Build-A-Song Part VII: the Emergence of the Verses
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Build-A-Song Part VII: The Emergence of the VersesBy Mary Dawson
This is the seventh in a series of articles called Build-A-Song which present a step-by-step method for creating a song. By no means is this "the only" method for writing songs. In fact, the approaches to songwriting are as many as the writers themselves. But our Build-A-Song series will offer a sequential template for covering the basics of successful songwriting. I hope you will follow along, and perhaps even try this method as you create your own. If you missed the other articles in the series, you may find them in the archived issues.
Part VII -- The Emergence of the Verses
We've come a long way in the building of our song. The foundation and framework are up. The hook and hook statement have been carefully crafted. Our lyrical cadence has become the beginnings of a chorus melody and we are well on the way to finishing our next blockbuster hit!
Since most commercial songs today are written in the verse-chorus song form, we will focus in this article on some ways to set up that crucial hook by strategic development of the verses. As we learned in Part 3 of the Build-A-Song series, the Great Idea and the hook are the destination of the song. The verses, then, must set up the hook so that when it appears in the chorus, it is the inevitable conclusion to the information in the verses. The hook should be like the punch line of a joke -- the Aha Moment for the listener (See Build-A-Song, Part 2).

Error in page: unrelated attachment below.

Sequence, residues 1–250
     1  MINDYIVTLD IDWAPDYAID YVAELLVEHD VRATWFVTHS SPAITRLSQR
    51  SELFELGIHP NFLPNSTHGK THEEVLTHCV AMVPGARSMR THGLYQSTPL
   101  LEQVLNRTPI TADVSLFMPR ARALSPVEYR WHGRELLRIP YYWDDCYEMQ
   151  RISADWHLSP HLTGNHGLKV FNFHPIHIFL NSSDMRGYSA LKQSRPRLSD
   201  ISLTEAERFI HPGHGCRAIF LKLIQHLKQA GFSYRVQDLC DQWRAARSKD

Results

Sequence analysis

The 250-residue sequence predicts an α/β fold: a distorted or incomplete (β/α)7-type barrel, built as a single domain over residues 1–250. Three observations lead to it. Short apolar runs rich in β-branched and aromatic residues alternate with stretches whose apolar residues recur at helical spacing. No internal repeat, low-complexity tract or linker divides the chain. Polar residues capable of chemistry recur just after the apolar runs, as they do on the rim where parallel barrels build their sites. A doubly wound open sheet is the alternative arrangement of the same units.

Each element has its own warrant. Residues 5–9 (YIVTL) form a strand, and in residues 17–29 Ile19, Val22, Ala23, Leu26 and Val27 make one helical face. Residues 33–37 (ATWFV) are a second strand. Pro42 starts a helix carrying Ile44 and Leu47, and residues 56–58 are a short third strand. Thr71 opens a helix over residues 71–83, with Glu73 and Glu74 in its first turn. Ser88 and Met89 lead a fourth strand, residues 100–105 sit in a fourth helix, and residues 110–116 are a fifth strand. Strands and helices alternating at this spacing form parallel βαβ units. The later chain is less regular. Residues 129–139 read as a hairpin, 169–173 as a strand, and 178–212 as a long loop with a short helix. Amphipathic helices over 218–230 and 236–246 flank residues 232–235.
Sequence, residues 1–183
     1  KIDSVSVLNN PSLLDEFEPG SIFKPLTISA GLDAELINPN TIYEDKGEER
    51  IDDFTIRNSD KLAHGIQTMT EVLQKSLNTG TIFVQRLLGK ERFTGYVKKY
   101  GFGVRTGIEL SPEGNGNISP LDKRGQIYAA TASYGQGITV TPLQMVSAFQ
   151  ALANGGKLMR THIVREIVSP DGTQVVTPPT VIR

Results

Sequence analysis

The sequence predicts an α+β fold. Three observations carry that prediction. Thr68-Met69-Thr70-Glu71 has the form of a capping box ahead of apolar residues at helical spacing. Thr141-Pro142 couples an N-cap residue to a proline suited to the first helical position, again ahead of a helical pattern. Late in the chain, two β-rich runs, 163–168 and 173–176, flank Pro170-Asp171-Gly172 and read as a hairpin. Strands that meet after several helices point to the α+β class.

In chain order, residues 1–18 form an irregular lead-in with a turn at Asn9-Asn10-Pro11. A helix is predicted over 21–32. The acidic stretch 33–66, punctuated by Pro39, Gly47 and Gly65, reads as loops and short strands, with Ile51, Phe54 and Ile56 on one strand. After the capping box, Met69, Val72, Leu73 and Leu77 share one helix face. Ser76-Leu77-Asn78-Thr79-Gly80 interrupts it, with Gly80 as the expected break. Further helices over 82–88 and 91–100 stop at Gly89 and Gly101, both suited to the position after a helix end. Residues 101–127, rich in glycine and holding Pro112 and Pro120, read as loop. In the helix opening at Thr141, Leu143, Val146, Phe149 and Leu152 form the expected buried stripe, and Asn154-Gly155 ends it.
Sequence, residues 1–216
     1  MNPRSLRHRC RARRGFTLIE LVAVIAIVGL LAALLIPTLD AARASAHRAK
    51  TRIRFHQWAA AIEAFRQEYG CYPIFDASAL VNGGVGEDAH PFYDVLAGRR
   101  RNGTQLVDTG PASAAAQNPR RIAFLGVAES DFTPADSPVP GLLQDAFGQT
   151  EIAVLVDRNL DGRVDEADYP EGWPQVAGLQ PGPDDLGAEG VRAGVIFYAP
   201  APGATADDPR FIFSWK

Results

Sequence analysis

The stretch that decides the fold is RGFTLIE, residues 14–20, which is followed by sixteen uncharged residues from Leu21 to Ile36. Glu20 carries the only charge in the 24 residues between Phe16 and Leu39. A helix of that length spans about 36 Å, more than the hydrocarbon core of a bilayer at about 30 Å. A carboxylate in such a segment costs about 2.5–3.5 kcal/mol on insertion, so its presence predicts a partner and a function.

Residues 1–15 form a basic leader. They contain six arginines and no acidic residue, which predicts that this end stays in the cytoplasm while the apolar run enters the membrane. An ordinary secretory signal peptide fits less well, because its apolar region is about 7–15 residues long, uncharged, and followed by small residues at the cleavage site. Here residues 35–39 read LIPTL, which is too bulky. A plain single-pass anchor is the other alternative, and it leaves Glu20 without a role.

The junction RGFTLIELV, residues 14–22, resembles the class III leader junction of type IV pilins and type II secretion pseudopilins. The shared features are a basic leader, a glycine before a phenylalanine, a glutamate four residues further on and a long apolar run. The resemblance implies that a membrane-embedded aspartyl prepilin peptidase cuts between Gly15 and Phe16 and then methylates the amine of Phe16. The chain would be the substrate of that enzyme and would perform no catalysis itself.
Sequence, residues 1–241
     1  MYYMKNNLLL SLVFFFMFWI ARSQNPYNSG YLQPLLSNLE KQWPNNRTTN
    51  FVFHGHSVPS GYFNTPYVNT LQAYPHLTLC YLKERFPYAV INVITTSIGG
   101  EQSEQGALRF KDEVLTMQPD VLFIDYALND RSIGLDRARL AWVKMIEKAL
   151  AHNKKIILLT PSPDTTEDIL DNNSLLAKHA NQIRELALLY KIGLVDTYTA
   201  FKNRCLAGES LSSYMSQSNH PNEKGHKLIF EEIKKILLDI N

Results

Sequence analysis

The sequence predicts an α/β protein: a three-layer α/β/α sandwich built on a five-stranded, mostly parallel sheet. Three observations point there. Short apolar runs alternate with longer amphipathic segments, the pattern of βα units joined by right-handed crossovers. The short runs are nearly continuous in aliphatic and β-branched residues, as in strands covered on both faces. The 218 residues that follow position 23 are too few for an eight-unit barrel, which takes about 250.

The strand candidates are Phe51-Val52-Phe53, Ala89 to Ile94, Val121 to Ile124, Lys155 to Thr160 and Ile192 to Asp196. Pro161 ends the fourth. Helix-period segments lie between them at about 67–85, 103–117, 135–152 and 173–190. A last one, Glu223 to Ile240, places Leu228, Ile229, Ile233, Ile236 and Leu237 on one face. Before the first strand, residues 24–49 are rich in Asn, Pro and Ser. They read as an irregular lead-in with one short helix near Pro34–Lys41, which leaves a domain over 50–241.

One songwriter put it this way: The verses of the song are like climbing up a mountain. The chorus is the view from the top. When you get to the top, the view better be worth the climb!
A verse can be defined as that section of the song in which the melody and harmony repeat, but the lyric changes. Most commercial verse-chorus songs today have two verses with at least two (possibly three) repetitions of the chorus. It's time now to plan what you want to say in both verses so that each of them inevitably arrives at the chorus -- both musically and lyrically.
Many hit songwriters actually outline the song at this point, just as you would outline a term paper. Verse one should contain an opening perspective to set the scene and engage the listener. It's the first "snapshot" with your songwriter's camera. Verse two should elaborate on the opening idea with another "snapshot" from a slightly different viewpoint.
Consider the following as you continue to compose:
Length of Verses and Chorus: Experienced songwriters usually determine the length of the song by instinct. They will have an intuitive sense of timing because almost all commercial songs should be 3-4 minutes long in order to receive radioplay consideration. A lot depends on the tempo of the song -- uptempo songs "go by" much faster than a slow ballad and the length of verses and chorus must be adjusted accordingly. A good "rule of thumb," however, is that a chorus should be identical to, half as long or twice as long as the verses. Aim to make your verses under one minute in length so as not to take too long to arrive at the payoff chorus. Remember the famous songwriter's couplet:
If you don't move quickly to the chorusVerse One: Next to the hook and hook statement, the most strategic point of the verse-chorus song is the first line of the first verse. That's the first contact the listeners have with both the words and music of the song and should reach out and literally "grab the them by the ears." Remember, the listener's mind is constantly being bombarded with incoming visual and audio data -- ambient sights and sounds of all kinds. The first line of your song should be so strong, both musically and lyrically, that it literally "cuts through" everything else that's going on and makes the listener turn up the volume.